With gold becoming a big attraction, it is time the government regulates investments in the yellow metal
In the past few weeks, there is more clarity about where ordinary savers are not putting their money. The shrinking retail investor population shows that they are disenchanted with the stock market; since August 2009, they have been pulling out of equity mutual funds and, after April 2010, they panicked about unit-linked insurance products (ULIPs) as well. Galloping property values have priced people out of the markets. So where is retail money going? In a gold-worshipping country, soaring gold prices and innovative schemes by jewellers and gold finance companies are a big magnet. These companies have collected thousands of crores without attracting the attention of financial regulators. Data on aggregate investments in gold or jewellery schemes are simply not available, except through the large and inconsistent turnover figures reported by companies that were unknown outside their home turf a few years ago.
As Moneylife wrote earlier, Titan’s Anuttara jewellery purchase scheme alone has 2.5 million investors. This is a 12-month systematic investment plan, where Titan pays the last instalment as a bonus. While SEBI and IRDA are under pressure to scrap sales commissions on regulated financial products, Titan provides such attractive sales incentives that its staff would rather enrol a customer to Anuttara than sell a piece of jewellery. The big markets are also a surprise. Maharashtra is a huge market for Anuttara, but the maximum subscriptions come from Nagpur, not Mumbai.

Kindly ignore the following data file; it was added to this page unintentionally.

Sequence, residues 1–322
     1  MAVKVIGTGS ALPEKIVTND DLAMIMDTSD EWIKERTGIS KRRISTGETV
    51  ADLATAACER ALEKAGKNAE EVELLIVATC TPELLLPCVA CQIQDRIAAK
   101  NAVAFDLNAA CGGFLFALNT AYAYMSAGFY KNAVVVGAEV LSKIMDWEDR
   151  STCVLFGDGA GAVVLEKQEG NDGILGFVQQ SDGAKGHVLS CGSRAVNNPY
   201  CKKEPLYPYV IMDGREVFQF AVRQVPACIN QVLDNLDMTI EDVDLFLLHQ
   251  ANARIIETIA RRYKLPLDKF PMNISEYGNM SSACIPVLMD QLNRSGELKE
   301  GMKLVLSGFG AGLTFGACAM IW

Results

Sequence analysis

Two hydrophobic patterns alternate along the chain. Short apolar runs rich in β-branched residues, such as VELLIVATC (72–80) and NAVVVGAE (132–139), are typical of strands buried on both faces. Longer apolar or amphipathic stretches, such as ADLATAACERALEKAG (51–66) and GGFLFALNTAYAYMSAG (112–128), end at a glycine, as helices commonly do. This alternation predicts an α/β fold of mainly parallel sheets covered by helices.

Now look at the Kerala-based Muthoot which has already established a pan-India presence. Last week, we discovered that there are two giant Muthoot groups. First, is the Rs20,000-crore Muthoot Pappachan group of 18 companies, including one listed entity—Muthoot Capital Services Ltd. Its Muthoot Securities claims that the group has—hold your breath—450 million customers nationwide. Nowhere on the website is there a break-up or details of these stupendous numbers or financial details for the whole group.
The second Muthoot group traces its origin to 1887 and has 1,700 branches nationwide, but is even more opaque. Its list of businesses encompasses the entire services sector including finance and hospitality, but its extensive website has no financial information. A third gold company, Mannapuam Finance, claims two million customers and 1,180 branches but provides no audited financial numbers.
All these companies attract millions of customers with ‘gold banking’ and ‘gold investment’ schemes, the regulation of which is completely unclear. Yet, each of these companies has the reach and size of a small nationalised bank, without the same disclosures, statutory reporting requirements or regulatory oversight. Each of them claims to be in dozens of businesses, but there is no clarity on how deeply they are inter-twined financially. Given how much of retail savings is going into these companies, let’s hope the government wakes up quickly to the need to regulate them stringently. — Sucheta Dalal